Python is an object-oriented language from the ground up—everything is an “object” with some state to be more or less aware of. And side-effects don’t touch the label, they effect what the label is assigned to (i.e. what it is).

Re-check the “in-memory” location—is it the same b?
Yes! The list got shorter but it is the same list.

Side-effects trip up Python programmers when an object has multiple labels, which is not so unusual:

c = b
> c

The assignment to c does not create a new list, so the side-effect of popping off the tail of b ripples into c.

A common mistake for those coming to Python from R, is to write b = b.append(4), which overwrites b with the value None that happens to be returned by the append() method.

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Data Types

The basic data types are

'int' integers
'float' real numbers
'str' character strings
'bool' True or False
'NoneType' None

Any object can be queried with type()

<class 'str'>


Python supports the usual (or not) arithmetic operators for numeric types:

+ addition
- subtraction
* multiplication
/ floating-point division
** exponent
% modulus
// floor division

One or both of these might be a surprise:

5 ** 2
2 // 3

Some operators have natural extensions to non-numeric types:

a * 2

Comparison operators are symbols or plain english:

== equal
!= non-equal
>, < greater, lesser
>=, <= greater or equal, lesser or equal
and logical and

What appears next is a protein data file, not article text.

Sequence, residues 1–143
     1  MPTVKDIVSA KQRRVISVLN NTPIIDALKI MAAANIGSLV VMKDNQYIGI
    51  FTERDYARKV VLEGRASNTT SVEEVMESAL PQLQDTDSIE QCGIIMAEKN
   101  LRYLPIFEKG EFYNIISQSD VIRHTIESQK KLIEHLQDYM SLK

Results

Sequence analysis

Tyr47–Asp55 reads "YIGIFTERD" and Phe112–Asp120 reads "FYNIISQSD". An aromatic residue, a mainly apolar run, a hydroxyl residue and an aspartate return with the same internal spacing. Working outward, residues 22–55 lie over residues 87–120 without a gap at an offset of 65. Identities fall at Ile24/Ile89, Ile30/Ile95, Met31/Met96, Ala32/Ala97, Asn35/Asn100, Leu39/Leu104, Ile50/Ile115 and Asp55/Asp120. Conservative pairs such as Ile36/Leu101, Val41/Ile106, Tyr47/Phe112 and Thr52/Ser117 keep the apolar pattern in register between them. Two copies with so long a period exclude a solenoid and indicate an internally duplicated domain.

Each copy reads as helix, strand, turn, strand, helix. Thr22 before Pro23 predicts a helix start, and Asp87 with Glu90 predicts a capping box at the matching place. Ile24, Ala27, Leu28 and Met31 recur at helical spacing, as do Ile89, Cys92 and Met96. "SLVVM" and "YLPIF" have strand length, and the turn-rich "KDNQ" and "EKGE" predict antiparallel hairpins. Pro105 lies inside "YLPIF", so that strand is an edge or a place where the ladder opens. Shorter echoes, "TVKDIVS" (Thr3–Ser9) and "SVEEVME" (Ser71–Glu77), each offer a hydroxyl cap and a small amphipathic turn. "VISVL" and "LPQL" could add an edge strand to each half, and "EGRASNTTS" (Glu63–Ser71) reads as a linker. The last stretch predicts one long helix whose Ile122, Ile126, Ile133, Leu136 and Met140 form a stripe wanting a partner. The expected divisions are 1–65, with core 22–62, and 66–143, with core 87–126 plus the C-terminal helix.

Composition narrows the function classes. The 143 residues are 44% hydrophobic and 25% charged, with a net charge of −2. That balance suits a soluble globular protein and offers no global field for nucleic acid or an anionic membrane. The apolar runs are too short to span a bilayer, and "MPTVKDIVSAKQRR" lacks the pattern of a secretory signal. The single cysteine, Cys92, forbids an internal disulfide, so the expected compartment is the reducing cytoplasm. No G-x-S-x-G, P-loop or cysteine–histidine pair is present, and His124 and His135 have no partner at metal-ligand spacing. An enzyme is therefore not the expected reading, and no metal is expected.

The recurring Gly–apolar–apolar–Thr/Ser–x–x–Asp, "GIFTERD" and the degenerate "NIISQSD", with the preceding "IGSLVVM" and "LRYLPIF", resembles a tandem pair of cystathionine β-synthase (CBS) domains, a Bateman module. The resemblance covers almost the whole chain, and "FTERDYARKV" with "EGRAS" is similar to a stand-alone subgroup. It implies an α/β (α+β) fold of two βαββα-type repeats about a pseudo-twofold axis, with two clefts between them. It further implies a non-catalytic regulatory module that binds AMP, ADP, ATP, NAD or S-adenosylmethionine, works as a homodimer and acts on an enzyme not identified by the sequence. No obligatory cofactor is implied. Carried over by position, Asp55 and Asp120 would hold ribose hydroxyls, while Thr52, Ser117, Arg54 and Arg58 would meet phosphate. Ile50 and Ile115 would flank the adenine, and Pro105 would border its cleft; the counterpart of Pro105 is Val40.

or logical or
not logical negation
in logical membership

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Data Structures

The built-in structures for holding multiple values are:

  • Tuple
  • List
  • Set
  • Dictionary


The simplest kind of sequence, a tuple is declared with comma-separated values, optionally inside (...). The tuple is a common type of return value for functions with multiple outputs.

T = 'x', 3, True
<class 'tuple'>

To declare a one-tuple without (...), a trailing “,” is required.

T = 'cat',
<class 'tuple'>


The more common kind of sequence in Python is the list, which is declared with comma-separated values inside [...]. Unlike a tuple, a list is mutable.

L = [3.14, 'xyz', T]
<class 'list'>

Subsetting Tuples and Lists

Subsetting elements from a tuple or list is performed with square brackets in both cases, and selects elements using their integer position starting from zero—their “index”.

> L[0]

Negative indices are allowed, and refer to the reverse ordering: -1 is the last item in the list, -2 the second-to-last item, and so on.

> L[-1]

The syntax L[i:j] selects a sub-list starting with the element at index i and ending with the element at index j - 1.

> L[0:2]
[3.14, 'xyz']

A blank space before or after the “:” indicates the start or end of the list, respectively. For example, the previous example could have been written L[:2].

A potentially useful trick to remember the list subsetting rules in Python is to picture the indices as “dividers” between list elements.

 0      1       2          3 
 | 3.14 | 'xyz' | ('cat',) |
-3     -2      -1

Positive indices are written at the top and negative indices at the bottom. L[i] returns the element to the right of i whereas L[i:j] returns elements between i and j.